Can Generational Trauma be Passed Down?

Apr 24, 2024


I spent most of my childhood growing up in northern Alabama surrounded by cousins & family. I remember those summer days as kids, picking berries and smushing them into some homemade “soup” we would pretend was food only to then have this make believe “house” situation turn into a game of tag as you tried to smear the smushed berries onto an unsuspecting cousin. It was a great time although chances are high the berries may possibly have been somewhat toxic…


I also grew up under the shadow of my family’s trauma. The story of an uncle’s death a heavy cloak we were all asked to wear and was only spoken about when my grandparents randomly mentioned it once in a blue moon.


There was also the constant chaos & fear of an aunt who had schizophrenia & was unpredictably committed in and out of hospitals every few months because meds never seemed to work and she could become harmful to herself and others.


Then there’s the thousand little trauma we carried around as a family out of honor & commitment to one another. Silent badges of pain we carried with pride because we were told that's what love was. Love meant carrying the pain & never questioning who it's original owner was or why they didn't carry it themselves. 


We didn’t talk about them and we sure didn’t talk about how these 2 big traumas impacted us because at the end of the day you weren’t the one who had died and you definitely weren’t the one who was committed to a mental institution.


And you definitely didn’t talk about your own mental health because that line between mental illness and feeling sad was non-existent in my family. You were either mentally ill or you were “fine.” Period.


So I watched the adults bury their pain and feel ashamed for not being "grateful" that they weren't the ones it had "happened" to…. even though it had happened to them. They had lost 2 siblings and while one they could lay to rest, the other was lost day by day until her own passing. It was a grieving process delayed by decades.


And what came before this generation above me? More of the same. Traumas that were unable to find safe places to be understood and healed. Traumas that were never supposed to be spoken of and buried in the lineage for another generation to address.


And there’s me, but there’s also you & your story. There’s the people before you and the life they lived along with the things they survived and it gets passed down.


It’s passed down in the emotional baggage they didn’t heal that then becomes parts of our actual DNA, like a little “trauma switch” waiting to be flipped on any given day by the experiences that make up our own life. Except it isn't our trauma... but it doesn't matter because it gets heaped on with the rest of what we're carrying.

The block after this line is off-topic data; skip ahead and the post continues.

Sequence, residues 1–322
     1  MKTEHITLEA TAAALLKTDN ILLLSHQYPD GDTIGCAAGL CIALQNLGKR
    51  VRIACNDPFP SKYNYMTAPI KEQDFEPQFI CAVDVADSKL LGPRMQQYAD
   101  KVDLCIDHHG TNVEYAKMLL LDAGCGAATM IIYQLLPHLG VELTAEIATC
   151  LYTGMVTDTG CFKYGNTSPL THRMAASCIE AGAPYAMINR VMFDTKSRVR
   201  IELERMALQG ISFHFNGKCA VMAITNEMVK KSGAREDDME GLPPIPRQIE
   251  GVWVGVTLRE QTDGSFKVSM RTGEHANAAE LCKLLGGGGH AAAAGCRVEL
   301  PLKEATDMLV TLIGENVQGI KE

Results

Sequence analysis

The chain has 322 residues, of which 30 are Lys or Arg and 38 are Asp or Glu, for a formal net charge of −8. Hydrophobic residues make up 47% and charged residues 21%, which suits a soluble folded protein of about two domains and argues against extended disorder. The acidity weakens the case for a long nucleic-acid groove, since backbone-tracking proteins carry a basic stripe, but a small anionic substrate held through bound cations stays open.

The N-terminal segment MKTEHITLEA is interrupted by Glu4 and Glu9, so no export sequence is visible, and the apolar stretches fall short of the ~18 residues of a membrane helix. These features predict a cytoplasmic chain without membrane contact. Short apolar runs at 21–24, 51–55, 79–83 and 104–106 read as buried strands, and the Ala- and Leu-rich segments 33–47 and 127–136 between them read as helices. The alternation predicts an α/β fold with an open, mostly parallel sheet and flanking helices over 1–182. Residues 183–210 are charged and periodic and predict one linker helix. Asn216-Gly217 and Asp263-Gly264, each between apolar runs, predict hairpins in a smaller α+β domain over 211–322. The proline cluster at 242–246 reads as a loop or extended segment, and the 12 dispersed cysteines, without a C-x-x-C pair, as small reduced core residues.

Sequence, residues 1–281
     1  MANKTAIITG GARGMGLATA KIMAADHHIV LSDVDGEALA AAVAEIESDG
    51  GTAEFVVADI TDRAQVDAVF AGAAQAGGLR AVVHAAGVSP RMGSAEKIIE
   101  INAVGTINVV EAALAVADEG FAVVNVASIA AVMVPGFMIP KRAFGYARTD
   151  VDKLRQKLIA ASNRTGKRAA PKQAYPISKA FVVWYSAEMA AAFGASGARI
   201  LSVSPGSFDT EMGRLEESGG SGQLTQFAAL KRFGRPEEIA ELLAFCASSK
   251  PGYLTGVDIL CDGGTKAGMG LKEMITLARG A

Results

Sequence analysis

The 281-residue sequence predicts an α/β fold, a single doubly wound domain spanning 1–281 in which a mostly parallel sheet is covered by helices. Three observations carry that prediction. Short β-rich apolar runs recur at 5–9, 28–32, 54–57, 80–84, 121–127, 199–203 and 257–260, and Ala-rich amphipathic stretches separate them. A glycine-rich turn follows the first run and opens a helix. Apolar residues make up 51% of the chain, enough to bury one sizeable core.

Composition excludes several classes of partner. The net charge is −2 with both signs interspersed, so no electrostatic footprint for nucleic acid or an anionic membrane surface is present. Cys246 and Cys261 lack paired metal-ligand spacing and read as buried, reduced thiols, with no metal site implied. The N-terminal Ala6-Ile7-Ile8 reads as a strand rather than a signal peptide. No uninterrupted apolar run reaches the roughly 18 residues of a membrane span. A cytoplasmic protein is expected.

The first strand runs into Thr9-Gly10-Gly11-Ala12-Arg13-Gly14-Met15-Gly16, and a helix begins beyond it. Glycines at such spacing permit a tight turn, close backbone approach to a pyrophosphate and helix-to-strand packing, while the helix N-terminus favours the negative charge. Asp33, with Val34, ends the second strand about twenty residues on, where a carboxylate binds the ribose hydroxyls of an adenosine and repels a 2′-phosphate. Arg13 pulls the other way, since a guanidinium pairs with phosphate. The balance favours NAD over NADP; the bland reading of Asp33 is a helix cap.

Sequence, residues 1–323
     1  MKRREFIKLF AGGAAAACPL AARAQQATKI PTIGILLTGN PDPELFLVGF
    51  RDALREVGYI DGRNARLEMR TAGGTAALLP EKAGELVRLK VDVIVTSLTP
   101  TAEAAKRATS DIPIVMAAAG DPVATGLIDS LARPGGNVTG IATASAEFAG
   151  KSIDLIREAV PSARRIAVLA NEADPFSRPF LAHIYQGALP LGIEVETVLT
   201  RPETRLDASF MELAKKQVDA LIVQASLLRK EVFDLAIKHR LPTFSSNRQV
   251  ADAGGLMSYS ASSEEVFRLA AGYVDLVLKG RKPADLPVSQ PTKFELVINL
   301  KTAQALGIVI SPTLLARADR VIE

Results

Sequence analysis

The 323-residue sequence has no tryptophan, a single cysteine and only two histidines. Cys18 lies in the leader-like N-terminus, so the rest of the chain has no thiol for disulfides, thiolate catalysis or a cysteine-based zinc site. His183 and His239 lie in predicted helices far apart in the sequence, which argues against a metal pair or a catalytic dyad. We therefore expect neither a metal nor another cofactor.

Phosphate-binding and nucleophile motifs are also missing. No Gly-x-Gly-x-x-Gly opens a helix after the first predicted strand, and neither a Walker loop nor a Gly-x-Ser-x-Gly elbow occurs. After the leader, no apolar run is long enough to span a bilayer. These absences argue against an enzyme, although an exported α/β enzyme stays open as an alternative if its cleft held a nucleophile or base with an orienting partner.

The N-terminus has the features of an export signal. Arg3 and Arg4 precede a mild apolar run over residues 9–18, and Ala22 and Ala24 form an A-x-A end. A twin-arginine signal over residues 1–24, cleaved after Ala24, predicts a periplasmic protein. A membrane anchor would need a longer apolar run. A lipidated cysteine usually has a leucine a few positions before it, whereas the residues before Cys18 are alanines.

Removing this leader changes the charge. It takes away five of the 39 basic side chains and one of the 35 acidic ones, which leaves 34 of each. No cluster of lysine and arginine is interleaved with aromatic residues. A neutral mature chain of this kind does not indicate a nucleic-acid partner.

It’s passed down in the stories we’re told about our families and the way that shapes our view of them, ourselves and the world.


It’s passed down in the repressed trauma our parents and grandparents didn’t heal and how they parent and care for us.


It’s passed down in the behaviors and outlooks that are modeled to us.


It’s passed down in the ways we are abandoned as children, the things that are neglected and never given to us.  It shows up in the lack of safe connection to those we should be most connected to.


We take all of this info in as kids and we create a life built on the unhealed trauma of our ancestors. Then we combined it with our own childhood traumas and try to live our lives in a way that avoids all of this pain that we don't really understand.


Healing these ancestral traumas isn’t about fighting the older generation, it’s about finding clarity on what you’ve inherited and how it’s shaped you and then CHOOSING AGAIN. It's allowing ourselves to do the work of grieving & feeling so we don't have to carry it... and we don't pass it down.


So how do you do this? There’s truly a ton of different ways and you may choose different methods at different times. Here are some of my favorite:


1. Choose Differently

It doesn't have to be anything major (although it can be)

In fact, your part in healing the generational trauma can be choosing to care for your physical health, it can be finding your own truth or maybe it actually is stopping cycles of abuse. 

Scale doesn't always matter. What matters is that you recognize what has been avoided in your family line that is causing dis-ease or unhealthy behavior and you make a change so you don't repeat it.


2. Look at the Shadow-y Stuff

Trauma gets buried in families because they don't have the resources, tools or emotional maturity to deal with it. It might get buried because of Shame, unresolved Grief or the period time they grew up in didn't afford the opportunity to heal. 

Your task in healing generational trauma is to look at the stuff you're afraid of and uncover what is needed to heal it. You have to be brave. 


3. Grieve all the Loss

Grieve the things that happened, grieve the things that didn't & grieve for the hurt you feel around your own losses & childhood.

Don't be afraid to feel everything that wants to be felt and also don't take up residence there. Feel it, hear it & then make space for moving forward.


4.  Release the Inherited Emotions & Trauma

This can be done in a number ways. In sessions we use the Emotion Code Modality to clear the Inherited Emotions and Somatic Practices to heal the nervous system.

This way we can name exactly what that trauma is, who it came from & let it go. 


If you're interested in learning more check out the Ancestral Trauma Session below.


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